Early explorers were amazed, with the first report coming in 1534, as a Frenchman watched indigenous tribes hunting seals from birchbark canoes. There were early reports of 12-footers that weighted 20 pounds. Birch canoes were regularly sunk, with stones, to hide them from enemies or preserve them over the winter. Birch bark was so valuable that more southern tribes sent teams up into northern forests to harvest bark so they, too, could have the amazing boats.
Amazing — and also a touch fragile for everyday use in the 19th century as the nation awakened to boats as mere fun, recreation. And, as John Stephenson would tell you, the answer was not a return to dugouts.
Yachts of their day
Reading Neuzil and Sims’ book, it is easy to view this 19th-century era as the golden age of canoes — the age that gave us the most beautiful wooden boats whose materials and designs endure. From the primitive board boats emerged cedar-ribbed, longitudinal-stripped, tongue-and-groove, or shiplap, canoes that evolved into the cedar-strip beauties so coveted today.
But handsome wooden canoes were not cheap — $70 to more than $100 in an era when craftsmen could be paid $2 a day. Canoes were the equivalent of a yacht. That changed late in the 19th century with the wood-and-canvas boats from Old Town Company, among others, in Maine. Old Town’s 16-footers were priced as low as $30, and sold through catalogs, with boats leaving town in boxcars. By 1913, there were 18 canoe manufacturers in Maine, and Old Town was itself selling 6,000 canvas boats a year.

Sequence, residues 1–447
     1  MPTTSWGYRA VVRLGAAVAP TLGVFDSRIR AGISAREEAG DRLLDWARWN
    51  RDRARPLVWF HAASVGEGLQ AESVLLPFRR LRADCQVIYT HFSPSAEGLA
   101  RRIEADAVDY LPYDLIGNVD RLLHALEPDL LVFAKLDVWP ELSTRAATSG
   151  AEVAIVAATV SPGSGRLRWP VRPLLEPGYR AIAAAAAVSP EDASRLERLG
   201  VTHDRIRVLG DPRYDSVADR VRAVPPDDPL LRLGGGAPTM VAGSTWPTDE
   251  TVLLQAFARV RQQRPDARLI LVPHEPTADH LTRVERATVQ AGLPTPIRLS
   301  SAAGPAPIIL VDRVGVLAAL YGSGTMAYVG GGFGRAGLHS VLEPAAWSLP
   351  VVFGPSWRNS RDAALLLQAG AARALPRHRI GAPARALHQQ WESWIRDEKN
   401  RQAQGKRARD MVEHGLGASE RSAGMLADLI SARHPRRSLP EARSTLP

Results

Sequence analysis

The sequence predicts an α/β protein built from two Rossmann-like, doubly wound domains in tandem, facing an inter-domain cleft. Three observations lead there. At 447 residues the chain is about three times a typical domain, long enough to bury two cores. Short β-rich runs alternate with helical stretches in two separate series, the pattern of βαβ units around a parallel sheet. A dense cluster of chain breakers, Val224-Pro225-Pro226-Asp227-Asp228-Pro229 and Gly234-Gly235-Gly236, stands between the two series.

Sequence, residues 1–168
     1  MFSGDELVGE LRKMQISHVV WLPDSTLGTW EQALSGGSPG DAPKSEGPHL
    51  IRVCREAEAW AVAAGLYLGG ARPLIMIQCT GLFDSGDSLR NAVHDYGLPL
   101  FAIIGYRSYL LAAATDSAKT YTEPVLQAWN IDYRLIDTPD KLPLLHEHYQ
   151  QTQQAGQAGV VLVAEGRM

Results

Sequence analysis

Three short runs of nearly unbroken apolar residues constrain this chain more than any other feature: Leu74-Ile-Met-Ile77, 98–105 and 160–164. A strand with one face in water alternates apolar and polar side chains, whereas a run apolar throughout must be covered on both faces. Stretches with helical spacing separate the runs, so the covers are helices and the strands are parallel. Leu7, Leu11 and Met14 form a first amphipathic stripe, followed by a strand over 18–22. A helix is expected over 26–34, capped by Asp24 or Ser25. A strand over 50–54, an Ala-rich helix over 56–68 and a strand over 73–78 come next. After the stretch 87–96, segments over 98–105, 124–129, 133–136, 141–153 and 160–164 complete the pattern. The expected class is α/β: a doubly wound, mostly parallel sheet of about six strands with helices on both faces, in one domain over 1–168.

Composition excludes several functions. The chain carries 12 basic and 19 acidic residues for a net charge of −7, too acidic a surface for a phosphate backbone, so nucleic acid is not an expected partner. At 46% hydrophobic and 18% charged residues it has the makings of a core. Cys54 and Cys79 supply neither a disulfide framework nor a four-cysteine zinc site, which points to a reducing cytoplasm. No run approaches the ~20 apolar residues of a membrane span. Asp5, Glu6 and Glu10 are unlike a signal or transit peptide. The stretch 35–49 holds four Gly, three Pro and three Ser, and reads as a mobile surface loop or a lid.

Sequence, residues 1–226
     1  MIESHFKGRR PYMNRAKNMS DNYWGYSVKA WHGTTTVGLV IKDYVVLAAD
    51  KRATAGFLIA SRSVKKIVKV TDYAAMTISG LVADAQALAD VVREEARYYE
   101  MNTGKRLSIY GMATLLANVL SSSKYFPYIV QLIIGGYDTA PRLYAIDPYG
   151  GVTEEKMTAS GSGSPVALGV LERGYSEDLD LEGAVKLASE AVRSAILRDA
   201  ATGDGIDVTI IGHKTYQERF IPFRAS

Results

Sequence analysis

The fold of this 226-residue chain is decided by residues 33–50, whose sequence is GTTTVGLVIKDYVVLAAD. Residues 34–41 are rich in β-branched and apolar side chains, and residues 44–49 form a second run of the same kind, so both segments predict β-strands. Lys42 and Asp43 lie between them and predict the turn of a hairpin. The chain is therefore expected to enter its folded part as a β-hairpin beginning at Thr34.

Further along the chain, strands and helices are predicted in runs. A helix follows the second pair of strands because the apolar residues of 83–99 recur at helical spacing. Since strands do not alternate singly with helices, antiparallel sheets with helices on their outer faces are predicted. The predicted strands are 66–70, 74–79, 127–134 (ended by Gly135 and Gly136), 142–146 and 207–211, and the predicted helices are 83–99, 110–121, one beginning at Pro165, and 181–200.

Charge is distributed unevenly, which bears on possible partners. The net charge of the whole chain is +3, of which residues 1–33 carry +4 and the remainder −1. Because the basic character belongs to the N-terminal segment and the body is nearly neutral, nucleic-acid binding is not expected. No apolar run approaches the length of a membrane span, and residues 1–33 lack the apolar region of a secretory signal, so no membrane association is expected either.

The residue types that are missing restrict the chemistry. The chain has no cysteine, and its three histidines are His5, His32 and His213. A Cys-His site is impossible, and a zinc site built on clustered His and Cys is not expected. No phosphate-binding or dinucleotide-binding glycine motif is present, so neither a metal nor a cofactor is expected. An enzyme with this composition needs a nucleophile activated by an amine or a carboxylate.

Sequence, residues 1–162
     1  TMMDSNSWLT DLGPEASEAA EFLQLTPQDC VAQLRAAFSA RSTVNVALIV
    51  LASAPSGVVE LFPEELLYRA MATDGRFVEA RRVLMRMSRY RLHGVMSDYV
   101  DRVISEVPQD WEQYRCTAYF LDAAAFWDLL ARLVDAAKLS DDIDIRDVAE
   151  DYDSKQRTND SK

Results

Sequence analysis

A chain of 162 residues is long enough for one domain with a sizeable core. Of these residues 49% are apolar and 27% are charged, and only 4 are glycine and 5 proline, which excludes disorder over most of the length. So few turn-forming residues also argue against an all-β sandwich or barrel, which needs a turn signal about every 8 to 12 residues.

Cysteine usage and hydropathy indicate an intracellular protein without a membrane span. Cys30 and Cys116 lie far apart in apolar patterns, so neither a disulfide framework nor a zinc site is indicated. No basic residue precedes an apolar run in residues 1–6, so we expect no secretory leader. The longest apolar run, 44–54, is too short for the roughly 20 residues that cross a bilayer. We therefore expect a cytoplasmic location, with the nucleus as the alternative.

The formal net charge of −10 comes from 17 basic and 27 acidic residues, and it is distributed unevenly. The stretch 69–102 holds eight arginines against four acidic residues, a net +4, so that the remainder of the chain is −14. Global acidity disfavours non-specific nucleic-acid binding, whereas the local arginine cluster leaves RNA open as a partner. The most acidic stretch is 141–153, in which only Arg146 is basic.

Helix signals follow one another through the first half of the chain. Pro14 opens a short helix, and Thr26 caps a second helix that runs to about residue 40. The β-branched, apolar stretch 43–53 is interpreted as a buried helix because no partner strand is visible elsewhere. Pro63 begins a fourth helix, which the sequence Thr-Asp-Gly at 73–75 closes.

Boats were no longer just for work and the wealthy. And the nation went canoe crazy. There was camping and general recreation, of course. But Neuzil and Sims also report that places such as the Chain of Lakes in Minneapolis and the Charles River in Boston were choked with “courting canoes,” in which couples engaged in, yes, “canoedling.” In 1912, Minneapolis issued 1,200 canoe docking permits, and found it necessary to enact (if not necessarily enforce) a midnight canoeing curfew.
Let history decide if in the decades to come the more industrial-grade aluminum and Kevlar boats took some of the romance out of canoeing. But, again, with these new materials on the ancient form, canoeing grew once more. Grumman sold 10,000 metal canoes in 1946 starting at $157. The next year, Henry J. Neils founded the Alumacraft Boat Company in Minneapolis. It was a new day: Grumman was selling 20,000 metal canoes a year by 1960, while Old Town was selling 200 canvas boats.
There have been noble efforts to entice the canoeing public in with various plastic and fiberglass boats, but Neuzil and Sims confirm that contemporary canoeing is defined by Kevlar generally and Minnesota’s Wenonah Canoe company in particular. Outdoorsman and canoe racer Mike Cichanowski took his Winona fiberglass repair business into one of the world’s largest makers of featherweight Kevlar canoes. In doing so, he unburdened a generation of paddlers and graciously extended the canoe-camping lives of many thousands of graying canoeists.
All this matters because of the intimate and ancient alliance of people and their canoes. Neuzil and Sims include, in the form of an inspired introduction, some delightful writing by the author John McPhee. McPhee and his buddies spent most of their youthful summers at camp in canoes, and they were forever changed.
“We were like some sort of crustaceans with our rib-and-planking exoskeletons, and to this day I do not feel complete or safe unless I am surrounded by the protective shape of a canoe,” wrote McPhee.
Tony Brown is a freelance writer. He lives in Minneapolis.